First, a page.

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MP3tunes case returns to court

By | Published on Monday 18 February 2013

With filing for bankruptcy last May, and EMI basically no longer existing as a standalone music company, you’d be forgiven for assuming that the EMI v MP3tunes lawsuit might have fizzled out.

But oh no, legal reps for EMI were back in court last week appealing the original ruling in the case, which mainly went in favour of MP3tunes, in part arguing that the previously reported appeal court ruling in the flagship Viacom v YouTube case should now be considered.

As much previously reported,, created by original founder Michael Robertson, was one of the original music-specific digital locker services to reach the market. EMI sued the new company and Robertson himself in 2007, claiming that the operation infringed their copyrights. And so a long drawn out legal squabble began.

It initially looked like the case might throw some clarity on to what extent a basic music-focused digital locker service could operate without a licence from the music companies, though in the end much of the legal argument focused on a specific side-service offered by that enabled users to compile and share lists of music files they had found online (much of which was available via a sister site called

Many of those listed links pointed to unlicensed sources of music, something EMI reckoned constituted copyright infringement. But, said, the digital firm operated a ‘takedown system’, removing links that pointed to illegal content if made aware of them by copyright owners, and therefore the company had protection under the Digital Millennium Copyright Act.

Although the judge originally hearing the case in 2011 was critical of for failing to enact some takedown notices, and ruled that Robertson was personally liable for infringement for posting links to unlicensed content on his own account, he said that in the main MP3tunes’s argument that it was protected from widespread infringement claims because of the DMCA was sound.

EMI pledged to carry on with its legal assault though, initially by targeting over links it published pointing to pre-1972 sound recordings, which are protected by State rather than Federal copyright law in the US, and therefore possibly not subject to the DMCA – an argument Universal has been using in its fight against Grooveshark, albeit with little success to date.

But last week EMI’s lawyers were using a different argument: an appeal court ruling in the Viacom v YouTube case that was made last spring. Viacom’s lawsuit against YouTube, regards the video-sharing site’s allegedly shoddy takedown systems in its early years, is something of a landmark case when it comes to the extent to which YouTube-type sites must go in order to stop their services being used to infringe copyright.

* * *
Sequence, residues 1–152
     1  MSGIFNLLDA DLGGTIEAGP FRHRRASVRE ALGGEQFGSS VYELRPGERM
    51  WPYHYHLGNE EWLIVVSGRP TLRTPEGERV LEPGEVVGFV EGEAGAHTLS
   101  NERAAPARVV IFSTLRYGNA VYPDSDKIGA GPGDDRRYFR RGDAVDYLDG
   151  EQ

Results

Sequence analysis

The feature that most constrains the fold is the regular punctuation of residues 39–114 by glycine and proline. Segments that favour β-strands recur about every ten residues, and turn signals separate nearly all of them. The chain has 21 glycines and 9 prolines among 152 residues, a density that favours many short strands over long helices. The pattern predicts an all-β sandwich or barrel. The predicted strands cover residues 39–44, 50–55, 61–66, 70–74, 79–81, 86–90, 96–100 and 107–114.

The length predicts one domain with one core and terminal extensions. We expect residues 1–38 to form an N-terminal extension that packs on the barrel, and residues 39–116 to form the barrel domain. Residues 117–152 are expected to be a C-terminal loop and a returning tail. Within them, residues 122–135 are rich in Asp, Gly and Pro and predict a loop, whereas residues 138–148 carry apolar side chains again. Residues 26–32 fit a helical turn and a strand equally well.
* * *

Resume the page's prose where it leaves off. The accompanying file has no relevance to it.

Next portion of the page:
The original ruling in Viacom v YouTube, in YouTube’s favour, set the standard pretty low, ie even a shoddy takedown system should be enough to ensure protection against infringement claims under the DMCA. Many content-sharing sites have subsequently since pointed to the case as proof they too cannot be held liable for the infringements of their users.

However, last year a US appeals court kicked Viacom v YouTube back to a lower court for new consideration, while also positing some opinions on the relevance of “wilful blindness”, ie operators of content-sharing sites who deliberately ignore rampant copyright infringement on their networks, because they know the infringement is driving sizable amounts of traffic, and is therefore good for business.

And, according to Law360, that is what EMI’s lawyers focused on in a new hearing relating to the case last week. The major’s lawyer, Andrew Bart, claimed: “[Robertson] said, ‘You know what, I can drive traffic to this site by taking advantage of all the free infringing music out there'”. To what extent MP3tunes was run to induce infringement, Bart added, was an issue of fact rather than legal interpretation, and therefore should be considered by a jury.

Speaking for MP3tunes, Ira Sacks disputed Bart’s claims, saying the evidence does not show that his clients knew about the infringement committed on their site (even if any such lack of knowledge seems rather unlikely). He also called for the ruling against Robertson personally to be overturned.

The case continues.

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